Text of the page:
Scott Carpenter, Second U.S. Astronaut To Orbit Earth, Dies At 88

One of the "Original 7" NASA astronauts died Thursday. "We're going to miss him," his wife said.

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On May 24, 1962, Carpenter's flight into space was met by technical glitches, and he overshot his landing by 288 miles, leaving the nation waiting anxiously to hear of his fate.

The New York Times reports the problems with the flight:

The equipment controlling the capsule's attitude (the way it was pointed) had gone awry; moreover, he fired his re-entry rockets three seconds late, and they did not carry the anticipated thrust. He also fell behind on his many tasks during the flight's final moments, and his fuel ran low when he inadvertently left two control systems on at the same time.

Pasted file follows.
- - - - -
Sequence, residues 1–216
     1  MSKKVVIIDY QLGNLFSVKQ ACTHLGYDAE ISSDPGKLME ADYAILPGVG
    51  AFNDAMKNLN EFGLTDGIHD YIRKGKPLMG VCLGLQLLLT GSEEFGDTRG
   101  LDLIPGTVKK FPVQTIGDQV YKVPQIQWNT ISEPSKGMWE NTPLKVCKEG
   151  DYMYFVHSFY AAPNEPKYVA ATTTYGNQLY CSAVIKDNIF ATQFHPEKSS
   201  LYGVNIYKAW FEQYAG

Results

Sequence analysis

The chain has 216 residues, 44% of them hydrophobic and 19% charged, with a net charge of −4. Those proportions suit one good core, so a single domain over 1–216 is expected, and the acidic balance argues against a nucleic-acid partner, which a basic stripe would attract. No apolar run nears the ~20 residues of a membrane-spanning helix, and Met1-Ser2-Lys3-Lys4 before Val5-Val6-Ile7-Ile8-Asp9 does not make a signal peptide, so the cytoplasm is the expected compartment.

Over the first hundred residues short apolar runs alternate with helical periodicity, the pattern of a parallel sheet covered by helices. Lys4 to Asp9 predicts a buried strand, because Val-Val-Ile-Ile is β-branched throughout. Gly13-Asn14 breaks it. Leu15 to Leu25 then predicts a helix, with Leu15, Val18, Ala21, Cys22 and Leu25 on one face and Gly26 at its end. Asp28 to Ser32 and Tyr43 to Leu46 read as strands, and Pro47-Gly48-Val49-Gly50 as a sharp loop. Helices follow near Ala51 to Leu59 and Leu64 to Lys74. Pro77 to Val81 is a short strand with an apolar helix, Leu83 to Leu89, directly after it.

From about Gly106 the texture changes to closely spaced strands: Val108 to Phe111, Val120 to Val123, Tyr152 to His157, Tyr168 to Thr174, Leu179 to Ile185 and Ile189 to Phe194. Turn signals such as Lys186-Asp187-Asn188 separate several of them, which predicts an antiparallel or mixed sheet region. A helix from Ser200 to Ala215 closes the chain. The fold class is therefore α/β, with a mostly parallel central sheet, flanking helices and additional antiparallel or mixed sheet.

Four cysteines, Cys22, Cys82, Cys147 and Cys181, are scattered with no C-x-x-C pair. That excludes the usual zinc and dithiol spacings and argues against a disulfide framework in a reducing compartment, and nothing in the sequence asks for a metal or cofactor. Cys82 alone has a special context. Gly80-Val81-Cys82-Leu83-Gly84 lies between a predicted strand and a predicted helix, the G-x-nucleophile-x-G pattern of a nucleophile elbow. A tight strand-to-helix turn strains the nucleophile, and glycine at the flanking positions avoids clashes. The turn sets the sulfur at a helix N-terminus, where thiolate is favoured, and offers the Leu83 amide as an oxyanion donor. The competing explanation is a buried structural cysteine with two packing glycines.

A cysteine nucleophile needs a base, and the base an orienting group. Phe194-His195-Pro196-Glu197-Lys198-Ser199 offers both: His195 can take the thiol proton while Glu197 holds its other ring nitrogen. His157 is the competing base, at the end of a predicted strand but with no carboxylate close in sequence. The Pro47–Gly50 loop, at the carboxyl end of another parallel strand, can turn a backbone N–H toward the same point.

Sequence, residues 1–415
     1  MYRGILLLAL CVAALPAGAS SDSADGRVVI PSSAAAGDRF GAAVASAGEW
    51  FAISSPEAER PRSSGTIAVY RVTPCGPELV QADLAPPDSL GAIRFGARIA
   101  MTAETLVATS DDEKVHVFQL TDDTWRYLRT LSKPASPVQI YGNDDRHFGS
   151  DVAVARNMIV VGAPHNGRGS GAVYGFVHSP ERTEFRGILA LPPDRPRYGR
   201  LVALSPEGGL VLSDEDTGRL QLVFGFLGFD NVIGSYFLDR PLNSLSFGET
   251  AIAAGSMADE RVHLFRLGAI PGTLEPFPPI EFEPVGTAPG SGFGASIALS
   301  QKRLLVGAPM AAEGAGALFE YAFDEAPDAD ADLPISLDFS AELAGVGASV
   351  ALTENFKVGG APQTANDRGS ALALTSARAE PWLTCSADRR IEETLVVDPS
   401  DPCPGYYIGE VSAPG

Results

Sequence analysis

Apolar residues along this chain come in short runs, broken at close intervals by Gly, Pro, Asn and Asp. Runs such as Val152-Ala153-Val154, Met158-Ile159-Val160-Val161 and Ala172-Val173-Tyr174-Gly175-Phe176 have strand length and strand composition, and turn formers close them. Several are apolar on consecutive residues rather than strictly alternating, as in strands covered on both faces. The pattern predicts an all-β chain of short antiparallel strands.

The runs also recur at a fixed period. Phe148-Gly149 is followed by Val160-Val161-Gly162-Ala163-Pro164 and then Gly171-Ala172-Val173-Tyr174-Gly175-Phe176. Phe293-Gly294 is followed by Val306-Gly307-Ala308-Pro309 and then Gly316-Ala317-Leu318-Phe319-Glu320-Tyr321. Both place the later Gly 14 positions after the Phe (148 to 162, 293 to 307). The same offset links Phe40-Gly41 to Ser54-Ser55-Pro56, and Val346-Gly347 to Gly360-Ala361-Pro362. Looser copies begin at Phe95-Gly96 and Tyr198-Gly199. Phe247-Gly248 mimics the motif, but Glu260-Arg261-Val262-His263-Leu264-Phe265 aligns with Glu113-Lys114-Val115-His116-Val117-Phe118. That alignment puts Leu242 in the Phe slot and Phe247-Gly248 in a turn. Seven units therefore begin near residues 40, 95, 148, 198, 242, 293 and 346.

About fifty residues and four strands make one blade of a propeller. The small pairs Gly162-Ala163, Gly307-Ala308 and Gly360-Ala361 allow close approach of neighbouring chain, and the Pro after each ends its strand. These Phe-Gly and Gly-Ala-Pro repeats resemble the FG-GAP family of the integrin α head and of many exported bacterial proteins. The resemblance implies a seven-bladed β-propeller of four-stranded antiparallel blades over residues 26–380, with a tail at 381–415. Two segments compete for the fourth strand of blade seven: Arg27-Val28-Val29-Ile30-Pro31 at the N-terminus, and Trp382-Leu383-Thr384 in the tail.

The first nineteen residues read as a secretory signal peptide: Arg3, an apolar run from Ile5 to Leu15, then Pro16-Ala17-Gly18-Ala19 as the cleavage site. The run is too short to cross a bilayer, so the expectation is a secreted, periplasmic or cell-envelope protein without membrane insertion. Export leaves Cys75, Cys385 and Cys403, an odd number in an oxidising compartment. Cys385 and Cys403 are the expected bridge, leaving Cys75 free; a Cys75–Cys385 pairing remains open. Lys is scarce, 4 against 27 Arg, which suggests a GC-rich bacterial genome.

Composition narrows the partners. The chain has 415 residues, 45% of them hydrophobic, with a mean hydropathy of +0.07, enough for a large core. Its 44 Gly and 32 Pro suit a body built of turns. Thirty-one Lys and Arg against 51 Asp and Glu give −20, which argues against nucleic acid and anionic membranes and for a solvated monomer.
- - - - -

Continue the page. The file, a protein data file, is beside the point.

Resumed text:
For almost an hour after his capsule hit the Caribbean, there were fears that Carpenter had died. A Navy search plane eventually found him in a bright orange life raft, where he remained for hours before a helicopter airlifted him to safety.

Carpenter never regretted the flight. "The view of Mother Earth and the weightlessness is an addictive combination of senses," he said.

NASA decided not to launch Carpenter into space again after this incident, and instead he turned to the oceans. He is the only American man to have explored both outer space, and the ocean sea floor.

Carpenter's death was reported by his wife, Patty Barrett. The two lived together in Vail, Colorado.

"We're going to miss him," she said.

Contact Ali Vingiano at alison.vingiano@buzzfeed.com.

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